When these comments were brought to their attention, Omega and Delta asked Clemas to remove Schrenk from the work site, which it did, but he continued to do work on the project off-site.

Nevertheless, it is alleged that Schrenk continued to harass Sheikhzadeh-Mashgoul. He alleges that while leaving the site one day, Schrenk yelled and swore at him, and tried to block his way with his truck and that he yelled at him “go back to your mosque where you came from” as he walked way.

Sheikhzadeh-Mashgoul wrote to Delta and Clemas on behalf of Omega and asked that Schrenk be removed from the project immediately. Clemas complied, and moved Schrenk to other projects. Nevertheless, Schrenk’s behaviour towards Sheikhzadeh-Mashgoul allegedly continued.  He emailed Sheikhzadeh-Mashgoul and referred to his supervisor as his “man friend”. The next day, he sent a second email using the language “ho moe” and insinuated that Sheikhzadeh-Mashgoul was in a sexual relationship with a male contractor at the worksite. Schrenk’s employment was terminated shortly thereafter.

The Argument
Sheikhzadeh-Mashgoul filed a human rights complaint alleging discrimination by Clemas and its employee, Schrenk.

At the British Columbia Human Rights Tribunal (“the Tribunal”), the respondents argued that the matter should be dismissed because Sheikhzadeh-Mashgoul was not in an employment relationship with either respondent. The respondents argued that human rights protections vis-à-vis employment are in place to protect employees from discrimination by employers. That relationship did not exist here.  This position was rejected by the Tribunal and it concluded that by virtue of the language of the Code, and the nature of the relationship between the parties, it did have jurisdiction to consider the complaint.  On judicial review, the Supreme Court of British Columbia agreed.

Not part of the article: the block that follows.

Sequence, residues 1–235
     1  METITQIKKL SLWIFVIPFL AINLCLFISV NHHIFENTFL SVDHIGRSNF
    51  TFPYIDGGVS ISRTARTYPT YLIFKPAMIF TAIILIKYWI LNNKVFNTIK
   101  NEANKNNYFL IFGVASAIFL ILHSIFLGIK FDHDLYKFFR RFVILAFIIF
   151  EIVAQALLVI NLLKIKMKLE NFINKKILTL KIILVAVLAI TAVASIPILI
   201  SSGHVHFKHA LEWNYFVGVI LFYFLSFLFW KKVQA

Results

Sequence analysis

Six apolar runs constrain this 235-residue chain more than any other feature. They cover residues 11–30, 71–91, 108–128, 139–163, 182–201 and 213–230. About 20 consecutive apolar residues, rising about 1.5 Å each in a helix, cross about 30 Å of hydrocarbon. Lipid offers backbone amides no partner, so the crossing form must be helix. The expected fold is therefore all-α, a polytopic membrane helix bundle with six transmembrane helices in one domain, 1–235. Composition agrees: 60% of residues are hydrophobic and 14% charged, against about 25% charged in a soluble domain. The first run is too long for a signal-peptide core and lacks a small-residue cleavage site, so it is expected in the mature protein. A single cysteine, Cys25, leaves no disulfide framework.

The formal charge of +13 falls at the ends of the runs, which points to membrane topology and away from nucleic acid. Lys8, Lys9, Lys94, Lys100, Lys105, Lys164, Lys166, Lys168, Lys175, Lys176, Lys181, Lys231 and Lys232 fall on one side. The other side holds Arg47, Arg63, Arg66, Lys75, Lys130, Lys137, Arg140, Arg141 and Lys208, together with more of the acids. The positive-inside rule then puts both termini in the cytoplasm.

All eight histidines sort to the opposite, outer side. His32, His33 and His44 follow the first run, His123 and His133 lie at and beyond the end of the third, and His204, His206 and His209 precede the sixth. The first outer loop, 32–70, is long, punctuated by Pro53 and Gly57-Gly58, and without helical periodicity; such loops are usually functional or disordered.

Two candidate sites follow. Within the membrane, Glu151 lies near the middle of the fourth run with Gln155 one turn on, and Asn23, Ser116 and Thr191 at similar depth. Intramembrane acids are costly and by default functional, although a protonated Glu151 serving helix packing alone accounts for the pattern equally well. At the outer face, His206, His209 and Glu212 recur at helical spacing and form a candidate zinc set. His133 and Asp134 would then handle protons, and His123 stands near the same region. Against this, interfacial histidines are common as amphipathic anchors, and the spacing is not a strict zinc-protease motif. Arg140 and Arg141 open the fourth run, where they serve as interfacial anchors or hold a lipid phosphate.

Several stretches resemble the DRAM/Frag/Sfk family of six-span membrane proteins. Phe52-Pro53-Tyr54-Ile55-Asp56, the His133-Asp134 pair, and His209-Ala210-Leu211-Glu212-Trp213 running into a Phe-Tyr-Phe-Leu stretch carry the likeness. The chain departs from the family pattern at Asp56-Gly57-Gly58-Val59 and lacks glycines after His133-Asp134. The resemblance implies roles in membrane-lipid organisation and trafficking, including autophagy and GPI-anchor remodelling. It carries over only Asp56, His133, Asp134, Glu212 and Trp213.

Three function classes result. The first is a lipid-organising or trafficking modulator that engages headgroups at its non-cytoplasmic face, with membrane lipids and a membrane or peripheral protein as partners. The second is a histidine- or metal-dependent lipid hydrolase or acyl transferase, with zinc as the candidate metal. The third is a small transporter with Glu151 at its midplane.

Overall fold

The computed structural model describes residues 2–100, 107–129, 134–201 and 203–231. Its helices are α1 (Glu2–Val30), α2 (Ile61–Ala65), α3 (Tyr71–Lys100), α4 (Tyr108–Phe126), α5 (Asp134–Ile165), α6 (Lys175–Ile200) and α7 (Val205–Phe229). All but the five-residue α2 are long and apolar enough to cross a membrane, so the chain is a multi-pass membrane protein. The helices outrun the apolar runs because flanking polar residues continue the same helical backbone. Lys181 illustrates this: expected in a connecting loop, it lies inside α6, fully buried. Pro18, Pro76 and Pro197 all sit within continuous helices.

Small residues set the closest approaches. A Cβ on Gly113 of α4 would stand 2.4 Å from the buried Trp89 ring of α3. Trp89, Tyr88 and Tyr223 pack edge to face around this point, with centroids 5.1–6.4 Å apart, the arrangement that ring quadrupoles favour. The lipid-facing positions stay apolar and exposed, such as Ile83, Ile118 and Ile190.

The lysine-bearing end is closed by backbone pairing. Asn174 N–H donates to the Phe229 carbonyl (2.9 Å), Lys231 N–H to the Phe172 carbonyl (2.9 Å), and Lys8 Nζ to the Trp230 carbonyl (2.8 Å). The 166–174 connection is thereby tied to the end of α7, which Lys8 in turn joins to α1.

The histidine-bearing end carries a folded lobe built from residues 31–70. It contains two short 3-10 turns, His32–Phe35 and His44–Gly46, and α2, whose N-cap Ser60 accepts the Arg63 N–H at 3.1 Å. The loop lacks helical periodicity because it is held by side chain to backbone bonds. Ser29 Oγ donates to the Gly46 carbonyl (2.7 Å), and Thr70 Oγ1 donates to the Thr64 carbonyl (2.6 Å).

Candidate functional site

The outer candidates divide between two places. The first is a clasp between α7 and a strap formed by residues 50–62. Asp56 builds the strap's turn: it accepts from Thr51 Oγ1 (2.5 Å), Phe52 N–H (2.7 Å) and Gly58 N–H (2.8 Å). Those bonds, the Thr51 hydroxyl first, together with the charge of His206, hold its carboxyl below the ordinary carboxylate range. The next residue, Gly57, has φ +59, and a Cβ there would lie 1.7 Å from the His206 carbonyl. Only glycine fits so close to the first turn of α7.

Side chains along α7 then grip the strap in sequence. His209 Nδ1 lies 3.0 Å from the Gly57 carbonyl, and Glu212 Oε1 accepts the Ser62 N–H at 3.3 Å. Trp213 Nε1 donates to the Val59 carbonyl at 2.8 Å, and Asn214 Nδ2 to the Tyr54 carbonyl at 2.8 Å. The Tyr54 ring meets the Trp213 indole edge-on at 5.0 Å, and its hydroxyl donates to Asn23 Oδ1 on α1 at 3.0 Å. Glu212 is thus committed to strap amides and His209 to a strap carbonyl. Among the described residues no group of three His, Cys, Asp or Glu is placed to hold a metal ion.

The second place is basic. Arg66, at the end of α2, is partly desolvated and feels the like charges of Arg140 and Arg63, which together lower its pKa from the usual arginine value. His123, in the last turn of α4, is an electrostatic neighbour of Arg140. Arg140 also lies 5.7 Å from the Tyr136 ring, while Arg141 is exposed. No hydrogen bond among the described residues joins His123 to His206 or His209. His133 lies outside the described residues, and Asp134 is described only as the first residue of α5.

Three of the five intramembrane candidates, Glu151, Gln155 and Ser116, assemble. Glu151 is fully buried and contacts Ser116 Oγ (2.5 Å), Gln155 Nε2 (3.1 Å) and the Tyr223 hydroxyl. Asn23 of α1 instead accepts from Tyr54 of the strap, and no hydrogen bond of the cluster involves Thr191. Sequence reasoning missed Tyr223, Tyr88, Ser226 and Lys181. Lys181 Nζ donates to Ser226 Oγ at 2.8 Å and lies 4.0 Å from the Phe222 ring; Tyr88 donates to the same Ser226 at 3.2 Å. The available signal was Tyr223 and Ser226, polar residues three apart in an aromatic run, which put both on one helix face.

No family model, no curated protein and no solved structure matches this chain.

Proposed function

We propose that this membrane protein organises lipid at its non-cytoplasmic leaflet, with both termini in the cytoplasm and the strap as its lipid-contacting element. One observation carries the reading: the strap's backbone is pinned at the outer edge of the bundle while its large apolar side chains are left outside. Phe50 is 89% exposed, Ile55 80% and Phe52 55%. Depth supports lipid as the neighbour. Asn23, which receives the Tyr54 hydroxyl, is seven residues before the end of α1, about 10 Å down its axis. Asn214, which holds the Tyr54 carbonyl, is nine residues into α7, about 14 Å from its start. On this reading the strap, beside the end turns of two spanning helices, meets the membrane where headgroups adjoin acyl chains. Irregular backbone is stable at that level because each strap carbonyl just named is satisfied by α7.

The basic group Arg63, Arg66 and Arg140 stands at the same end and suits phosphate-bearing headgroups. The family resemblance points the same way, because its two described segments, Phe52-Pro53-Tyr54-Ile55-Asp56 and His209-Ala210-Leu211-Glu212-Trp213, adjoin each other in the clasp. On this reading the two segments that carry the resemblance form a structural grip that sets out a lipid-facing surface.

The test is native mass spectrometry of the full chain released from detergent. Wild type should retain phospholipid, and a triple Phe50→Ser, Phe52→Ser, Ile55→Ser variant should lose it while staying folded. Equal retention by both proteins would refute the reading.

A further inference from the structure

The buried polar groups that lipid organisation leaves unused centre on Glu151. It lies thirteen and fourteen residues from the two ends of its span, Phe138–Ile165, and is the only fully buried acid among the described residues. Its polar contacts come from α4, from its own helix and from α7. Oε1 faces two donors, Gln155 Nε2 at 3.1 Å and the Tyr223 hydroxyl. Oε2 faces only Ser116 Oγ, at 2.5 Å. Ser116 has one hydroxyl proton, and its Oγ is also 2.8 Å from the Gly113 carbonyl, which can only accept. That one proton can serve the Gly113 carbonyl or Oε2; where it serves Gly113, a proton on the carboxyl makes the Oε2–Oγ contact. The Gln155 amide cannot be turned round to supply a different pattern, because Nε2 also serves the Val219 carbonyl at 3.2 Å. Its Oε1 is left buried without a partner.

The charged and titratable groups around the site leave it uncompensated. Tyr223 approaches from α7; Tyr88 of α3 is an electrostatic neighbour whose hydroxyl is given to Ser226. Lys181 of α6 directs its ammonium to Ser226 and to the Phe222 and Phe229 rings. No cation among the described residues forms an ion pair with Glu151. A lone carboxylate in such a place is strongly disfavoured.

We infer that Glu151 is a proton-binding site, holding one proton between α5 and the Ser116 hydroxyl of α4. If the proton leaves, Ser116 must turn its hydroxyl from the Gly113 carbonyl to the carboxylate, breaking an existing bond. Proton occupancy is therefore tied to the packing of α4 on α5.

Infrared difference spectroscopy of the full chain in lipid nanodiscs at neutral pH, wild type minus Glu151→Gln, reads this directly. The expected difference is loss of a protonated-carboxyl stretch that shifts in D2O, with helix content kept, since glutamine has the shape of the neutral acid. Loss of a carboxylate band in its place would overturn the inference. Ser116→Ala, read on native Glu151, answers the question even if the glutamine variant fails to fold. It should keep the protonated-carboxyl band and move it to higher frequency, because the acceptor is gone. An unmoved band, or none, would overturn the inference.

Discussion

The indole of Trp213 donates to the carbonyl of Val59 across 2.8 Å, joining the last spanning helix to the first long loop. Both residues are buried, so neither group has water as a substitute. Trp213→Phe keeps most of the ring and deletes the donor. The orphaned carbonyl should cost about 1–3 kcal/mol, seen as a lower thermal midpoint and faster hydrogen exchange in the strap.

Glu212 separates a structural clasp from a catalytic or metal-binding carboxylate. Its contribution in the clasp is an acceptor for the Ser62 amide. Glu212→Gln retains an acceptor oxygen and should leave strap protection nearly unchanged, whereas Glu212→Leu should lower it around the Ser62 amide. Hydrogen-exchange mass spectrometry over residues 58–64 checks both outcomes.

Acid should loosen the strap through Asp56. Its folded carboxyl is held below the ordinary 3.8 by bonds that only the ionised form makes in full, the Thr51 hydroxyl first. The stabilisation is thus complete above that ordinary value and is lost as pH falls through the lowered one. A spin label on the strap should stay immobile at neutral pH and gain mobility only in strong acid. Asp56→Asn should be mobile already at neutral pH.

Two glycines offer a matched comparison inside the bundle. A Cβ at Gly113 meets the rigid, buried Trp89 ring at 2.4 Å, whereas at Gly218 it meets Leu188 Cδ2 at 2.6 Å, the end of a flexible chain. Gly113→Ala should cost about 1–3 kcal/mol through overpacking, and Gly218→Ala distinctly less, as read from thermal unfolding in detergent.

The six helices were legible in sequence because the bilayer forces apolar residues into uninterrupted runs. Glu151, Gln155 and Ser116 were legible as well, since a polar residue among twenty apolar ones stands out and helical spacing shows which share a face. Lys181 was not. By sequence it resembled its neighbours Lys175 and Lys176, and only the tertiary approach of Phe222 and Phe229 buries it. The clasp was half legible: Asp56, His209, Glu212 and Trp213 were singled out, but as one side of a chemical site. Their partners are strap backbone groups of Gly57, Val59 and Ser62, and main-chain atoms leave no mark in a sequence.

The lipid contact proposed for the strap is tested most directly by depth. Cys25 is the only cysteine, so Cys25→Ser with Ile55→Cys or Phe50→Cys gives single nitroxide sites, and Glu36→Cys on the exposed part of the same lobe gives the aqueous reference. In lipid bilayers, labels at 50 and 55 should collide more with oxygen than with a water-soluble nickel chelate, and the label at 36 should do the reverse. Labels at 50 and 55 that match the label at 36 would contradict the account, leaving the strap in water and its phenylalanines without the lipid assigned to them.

The respondents appealed to the Court of Appeal. It concluded that the Tribunal “had engaged in inappropriate analysis in considering whether the discrimination occurred “in relation to employment”.”  It found that the Tribunal was too simplistic in interpreting “in relation to employment” and that it had incorrectly discounted the role and significance of power dynamics to the overall equation. The Court of Appeal agreed with Schrenk and his employer that not all insults inflicted on an employee in the workplace are covered by the human rights legislation. They said that:

Such insults can amount to discrimination regarding employment if the wrongdoer is clothed by the employer with such authority that he or she is able to impose that unwelcome conduct on the complainant as a condition of employment, or if the wrongdoing is tolerated by the employer.”

[…]

“[…] the Tribunal certainly has jurisdiction in relation to an allegation that a person has forced the complainant, expressly or otherwise, to endure harassment at work. It has jurisdiction to address the response of the complainant’s employer to his complaint. It does not, however, have jurisdiction to address a complaint made against one who is rude, insulting or insufferable but who is not in a position to force the complainant to endure that conduct as a condition of employment.” (our emphasis)

In light of this conclusion, the Court of Appeal quashed the Tribunal’s decision and dismissed the case against Clemas and Schrenk. This ruling did not, however, settle the matter for the parties involved. It was ultimately referred to the Supreme Court of Canada for appeal.